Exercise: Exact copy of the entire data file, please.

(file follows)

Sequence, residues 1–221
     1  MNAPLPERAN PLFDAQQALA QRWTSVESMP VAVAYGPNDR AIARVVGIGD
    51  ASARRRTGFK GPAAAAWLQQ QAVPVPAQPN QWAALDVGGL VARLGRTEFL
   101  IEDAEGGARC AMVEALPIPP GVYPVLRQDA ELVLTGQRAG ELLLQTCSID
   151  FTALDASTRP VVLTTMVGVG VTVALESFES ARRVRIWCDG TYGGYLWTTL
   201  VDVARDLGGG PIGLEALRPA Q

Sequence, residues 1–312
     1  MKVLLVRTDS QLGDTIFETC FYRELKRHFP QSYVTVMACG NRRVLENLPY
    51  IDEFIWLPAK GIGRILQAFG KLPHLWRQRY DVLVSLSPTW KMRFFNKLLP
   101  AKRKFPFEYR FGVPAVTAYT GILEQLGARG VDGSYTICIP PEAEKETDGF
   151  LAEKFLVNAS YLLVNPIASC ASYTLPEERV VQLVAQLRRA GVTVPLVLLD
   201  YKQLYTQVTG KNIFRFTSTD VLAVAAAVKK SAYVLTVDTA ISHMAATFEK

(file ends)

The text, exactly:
Sequence, residues 1–221
     1  MNAPLPERAN PLFDAQQALA QRWTSVESMP VAVAYGPNDR AIARVVGIGD
    51  ASARRRTGFK GPAAAAWLQQ QAVPVPAQPN QWAALDVGGL VARLGRTEFL
   101  IEDAEGGARC AMVEALPIPP GVYPVLRQDA ELVLTGQRAG ELLLQTCSID
   151  FTALDASTRP VVLTTMVGVG VTVALESFES ARRVRIWCDG TYGGYLWTTL
   201  VDVARDLGGG PIGLEALRPA Q

Sequence, residues 1–312
     1  MKVLLVRTDS QLGDTIFETC FYRELKRHFP QSYVTVMACG NRRVLENLPY
    51  IDEFIWLPAK GIGRILQAFG KLPHLWRQRY DVLVSLSPTW KMRFFNKLLP
   101  AKRKFPFEYR FGVPAVTAYT GILEQLGARG VDGSYTICIP PEAEKETDGF
   151  LAEKFLVNAS YLLVNPIASC ASYTLPEERV VQLVAQLRRA GVTVPLVLLD
   201  YKQLYTQVTG KNIFRFTSTD VLAVAAAVKK SAYVLTVDTA ISHMAATFEK